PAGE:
3. K. M. Borkowski, “Accurate algorithms to transform geocentric to geodetic coordinates,” Bulletin Géodésique, vol. 63, no. 1, pp. 50–56, 1989. View at Publisher · View at Google Scholar · View at Scopus
  4. J. Pollard, “Iterative vector methods for computing geodetic latitude and height from rectangular coordinates,” Journal of Geodesy, vol. 76, no. 1, pp. 36–40, 2002. View at Publisher · View at Google Scholar · View at Zentralblatt MATH · View at Scopus
  5. K.-C. Lin and J. Wang, “Transformation from geocentric to geodetic coordinates using Newton's iteration,” Bulletin Géodésique, vol. 69, no. 4, pp. 300–303, 1995. View at Publisher · View at Google Scholar · View at Scopus
  6. B. R. Bowring, “Transformation from spatial to geographical coordinates,” Survey Review, vol. 23, no. 181, pp. 323–327, 1976. View at Publisher · View at Google Scholar
  7. V. C. Petr and P. Vaníček, Geodesy: The Concepts, Elsevier, New York, NY, USA, 1982.
  8. M. Pick and Z. Šimon, “Closed formulae for transformation of the cartesian coordinate system into a system of geodetic coordinates,” Studia Geophysica et Geodaetica, vol. 29, no. 2, pp. 112–119, 1985. View at Publisher · View at Google Scholar · View at Scopus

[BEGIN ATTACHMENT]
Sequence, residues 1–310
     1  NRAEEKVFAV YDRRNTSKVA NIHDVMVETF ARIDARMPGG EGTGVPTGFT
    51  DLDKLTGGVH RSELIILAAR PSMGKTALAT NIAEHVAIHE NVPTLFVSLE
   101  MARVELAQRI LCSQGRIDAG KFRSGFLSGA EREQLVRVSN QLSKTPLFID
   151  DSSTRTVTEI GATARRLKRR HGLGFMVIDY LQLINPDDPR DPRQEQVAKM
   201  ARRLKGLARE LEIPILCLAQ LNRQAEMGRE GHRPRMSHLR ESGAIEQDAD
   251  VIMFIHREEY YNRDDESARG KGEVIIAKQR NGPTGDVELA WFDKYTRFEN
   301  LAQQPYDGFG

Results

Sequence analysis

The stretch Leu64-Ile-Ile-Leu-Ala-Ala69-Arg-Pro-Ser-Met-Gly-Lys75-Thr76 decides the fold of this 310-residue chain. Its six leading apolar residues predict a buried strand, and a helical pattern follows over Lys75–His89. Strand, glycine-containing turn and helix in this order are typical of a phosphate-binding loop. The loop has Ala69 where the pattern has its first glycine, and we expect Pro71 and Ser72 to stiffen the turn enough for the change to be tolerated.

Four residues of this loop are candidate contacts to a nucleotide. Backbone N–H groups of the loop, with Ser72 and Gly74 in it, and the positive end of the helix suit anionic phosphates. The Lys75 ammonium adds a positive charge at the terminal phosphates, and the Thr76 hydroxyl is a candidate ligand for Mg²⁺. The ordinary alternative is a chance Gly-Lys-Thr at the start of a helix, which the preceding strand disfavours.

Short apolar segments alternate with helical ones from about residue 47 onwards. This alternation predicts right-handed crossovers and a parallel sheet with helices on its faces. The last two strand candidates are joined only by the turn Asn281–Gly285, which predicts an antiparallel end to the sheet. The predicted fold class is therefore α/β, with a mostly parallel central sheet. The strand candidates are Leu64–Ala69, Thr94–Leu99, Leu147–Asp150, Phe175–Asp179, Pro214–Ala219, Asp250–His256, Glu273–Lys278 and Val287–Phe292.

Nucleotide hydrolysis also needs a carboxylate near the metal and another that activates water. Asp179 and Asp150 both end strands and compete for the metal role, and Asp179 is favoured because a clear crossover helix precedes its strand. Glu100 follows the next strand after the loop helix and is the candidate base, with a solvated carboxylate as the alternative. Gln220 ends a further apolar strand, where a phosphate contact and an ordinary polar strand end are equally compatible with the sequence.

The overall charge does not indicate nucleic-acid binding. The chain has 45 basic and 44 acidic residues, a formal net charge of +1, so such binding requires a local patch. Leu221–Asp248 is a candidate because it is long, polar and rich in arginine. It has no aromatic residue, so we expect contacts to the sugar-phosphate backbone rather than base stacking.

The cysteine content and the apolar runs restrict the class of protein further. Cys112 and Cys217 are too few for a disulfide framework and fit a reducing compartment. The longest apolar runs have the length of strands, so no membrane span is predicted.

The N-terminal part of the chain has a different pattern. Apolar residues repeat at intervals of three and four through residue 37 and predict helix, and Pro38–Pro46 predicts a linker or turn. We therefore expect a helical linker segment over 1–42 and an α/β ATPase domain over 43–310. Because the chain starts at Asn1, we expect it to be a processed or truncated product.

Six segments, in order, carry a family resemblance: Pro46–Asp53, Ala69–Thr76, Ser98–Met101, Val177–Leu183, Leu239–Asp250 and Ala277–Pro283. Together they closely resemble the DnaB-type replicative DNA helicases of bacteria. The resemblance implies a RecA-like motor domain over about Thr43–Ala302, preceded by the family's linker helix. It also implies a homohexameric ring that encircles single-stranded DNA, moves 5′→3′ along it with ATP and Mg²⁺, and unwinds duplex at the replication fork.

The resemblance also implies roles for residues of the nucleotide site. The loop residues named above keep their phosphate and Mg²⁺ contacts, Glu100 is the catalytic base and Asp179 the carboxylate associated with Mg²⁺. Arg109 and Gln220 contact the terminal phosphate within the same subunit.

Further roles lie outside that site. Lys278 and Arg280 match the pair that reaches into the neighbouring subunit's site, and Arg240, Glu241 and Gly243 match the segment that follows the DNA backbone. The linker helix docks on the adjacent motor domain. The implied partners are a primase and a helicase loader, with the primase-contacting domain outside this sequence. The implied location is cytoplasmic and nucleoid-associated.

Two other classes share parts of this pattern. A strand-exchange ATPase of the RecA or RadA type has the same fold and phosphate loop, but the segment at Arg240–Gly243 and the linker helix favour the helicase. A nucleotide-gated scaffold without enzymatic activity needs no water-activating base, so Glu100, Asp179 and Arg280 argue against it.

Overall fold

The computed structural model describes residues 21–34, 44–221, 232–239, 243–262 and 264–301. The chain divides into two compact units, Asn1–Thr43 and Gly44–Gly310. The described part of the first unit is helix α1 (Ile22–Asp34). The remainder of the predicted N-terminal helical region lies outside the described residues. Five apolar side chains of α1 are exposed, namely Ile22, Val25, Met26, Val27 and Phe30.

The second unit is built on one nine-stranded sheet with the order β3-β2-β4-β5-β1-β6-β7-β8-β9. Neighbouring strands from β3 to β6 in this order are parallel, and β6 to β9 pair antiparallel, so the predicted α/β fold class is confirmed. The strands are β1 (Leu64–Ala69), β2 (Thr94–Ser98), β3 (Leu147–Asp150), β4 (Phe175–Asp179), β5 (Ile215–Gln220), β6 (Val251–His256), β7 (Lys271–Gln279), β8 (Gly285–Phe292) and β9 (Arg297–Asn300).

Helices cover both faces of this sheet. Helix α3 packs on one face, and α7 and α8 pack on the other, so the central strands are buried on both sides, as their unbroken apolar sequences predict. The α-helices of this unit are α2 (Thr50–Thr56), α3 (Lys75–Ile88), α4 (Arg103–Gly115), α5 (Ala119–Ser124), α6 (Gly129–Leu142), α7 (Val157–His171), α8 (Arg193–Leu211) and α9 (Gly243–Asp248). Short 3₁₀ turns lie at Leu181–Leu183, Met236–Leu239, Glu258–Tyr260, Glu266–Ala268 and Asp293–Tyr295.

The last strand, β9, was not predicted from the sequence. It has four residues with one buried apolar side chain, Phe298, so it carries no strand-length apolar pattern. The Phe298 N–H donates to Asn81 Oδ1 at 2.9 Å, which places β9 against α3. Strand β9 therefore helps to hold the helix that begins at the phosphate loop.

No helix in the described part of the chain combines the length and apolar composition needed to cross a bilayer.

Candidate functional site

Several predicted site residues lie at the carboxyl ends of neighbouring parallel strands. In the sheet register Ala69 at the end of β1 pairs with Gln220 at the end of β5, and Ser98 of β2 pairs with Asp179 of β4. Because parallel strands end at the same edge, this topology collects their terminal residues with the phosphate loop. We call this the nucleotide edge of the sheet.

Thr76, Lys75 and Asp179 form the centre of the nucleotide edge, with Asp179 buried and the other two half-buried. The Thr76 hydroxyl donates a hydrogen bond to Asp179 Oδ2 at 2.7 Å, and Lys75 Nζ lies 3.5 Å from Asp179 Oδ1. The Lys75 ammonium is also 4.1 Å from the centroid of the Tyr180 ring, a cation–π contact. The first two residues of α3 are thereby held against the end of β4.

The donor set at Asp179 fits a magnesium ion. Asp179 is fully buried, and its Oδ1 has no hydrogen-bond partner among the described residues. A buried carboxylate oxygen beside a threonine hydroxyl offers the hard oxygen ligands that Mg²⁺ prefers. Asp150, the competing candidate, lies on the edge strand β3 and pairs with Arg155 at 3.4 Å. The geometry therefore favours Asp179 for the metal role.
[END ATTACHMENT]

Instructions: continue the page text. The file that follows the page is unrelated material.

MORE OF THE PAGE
9. A. Fotiou, “A pair of closed expressions to transform geocentric to geodetic coordinates,” Zeitschrift für Vermessungswesen, vol. 123, no. 4, pp. 133–135, 1998. View at Scopus
  10. H. Vermeille, “Computing geodetic coordinates from geocentric coordinates,” Journal of Geodesy, vol. 78, no. 1-2, pp. 94–95, 2004. View at Publisher · View at Google Scholar · View at Zentralblatt MATH · View at Scopus
  11. A. Kleusberg and P. J. Teunissen, GPS for Geodesy, Springer, New York, NY, USA, 1998.
  12. B. Hofmann-Wellenhof, H. Lichtenegger, and J. Collins, Global Positioning System: Theory and Practice, Springer, New York, NY, USA, 1997.
  13. G. Strang and K. Borre, Linear Algebra, Geodesy, and GPS, Wellesley Cambridge Press, 1997.
  14. W. Torge, “Regional gravimetric geoid calculations in the North Sea test area,” Marine Geodesy, vol. 3, no. 1–4, pp. 257–271, 1980. View at Publisher · View at Google Scholar · View at Scopus